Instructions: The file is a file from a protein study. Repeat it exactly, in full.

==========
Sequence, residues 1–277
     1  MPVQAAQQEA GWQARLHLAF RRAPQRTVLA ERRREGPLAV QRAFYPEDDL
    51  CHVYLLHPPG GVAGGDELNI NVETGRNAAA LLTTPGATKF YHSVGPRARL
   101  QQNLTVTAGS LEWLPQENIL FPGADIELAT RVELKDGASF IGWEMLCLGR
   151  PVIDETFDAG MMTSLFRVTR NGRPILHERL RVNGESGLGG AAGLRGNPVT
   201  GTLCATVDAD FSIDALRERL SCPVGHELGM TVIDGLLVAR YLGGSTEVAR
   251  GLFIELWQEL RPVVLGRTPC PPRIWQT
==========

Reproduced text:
Sequence, residues 1–277
     1  MPVQAAQQEA GWQARLHLAF RRAPQRTVLA ERRREGPLAV QRAFYPEDDL
    51  CHVYLLHPPG GVAGGDELNI NVETGRNAAA LLTTPGATKF YHSVGPRARL
   101  QQNLTVTAGS LEWLPQENIL FPGADIELAT RVELKDGASF IGWEMLCLGR
   151  PVIDETFDAG MMTSLFRVTR NGRPILHERL RVNGESGLGG AAGLRGNPVT
   201  GTLCATVDAD FSIDALRERL SCPVGHELGM TVIDGLLVAR YLGGSTEVAR
   251  GLFIELWQEL RPVVLGRTPC PPRIWQT